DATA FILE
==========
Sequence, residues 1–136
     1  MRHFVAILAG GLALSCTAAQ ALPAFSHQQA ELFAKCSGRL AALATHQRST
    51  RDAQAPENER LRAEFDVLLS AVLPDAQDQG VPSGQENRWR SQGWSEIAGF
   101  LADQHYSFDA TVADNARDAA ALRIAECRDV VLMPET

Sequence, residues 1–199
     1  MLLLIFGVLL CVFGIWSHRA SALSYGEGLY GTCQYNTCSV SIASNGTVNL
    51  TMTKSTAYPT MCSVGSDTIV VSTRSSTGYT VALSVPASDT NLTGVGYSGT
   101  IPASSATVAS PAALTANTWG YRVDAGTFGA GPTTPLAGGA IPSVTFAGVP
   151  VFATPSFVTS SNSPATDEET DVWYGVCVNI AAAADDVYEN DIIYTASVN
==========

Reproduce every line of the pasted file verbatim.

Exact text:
Sequence, residues 1–136
     1  MRHFVAILAG GLALSCTAAQ ALPAFSHQQA ELFAKCSGRL AALATHQRST
    51  RDAQAPENER LRAEFDVLLS AVLPDAQDQG VPSGQENRWR SQGWSEIAGF
   101  LADQHYSFDA TVADNARDAA ALRIAECRDV VLMPET

Sequence, residues 1–199
     1  MLLLIFGVLL CVFGIWSHRA SALSYGEGLY GTCQYNTCSV SIASNGTVNL
    51  TMTKSTAYPT MCSVGSDTIV VSTRSSTGYT VALSVPASDT NLTGVGYSGT
   101  IPASSATVAS PAALTANTWG YRVDAGTFGA GPTTPLAGGA IPSVTFAGVP
   151  VFATPSFVTS SNSPATDEET DVWYGVCVNI AAAADDVYEN DIIYTASVN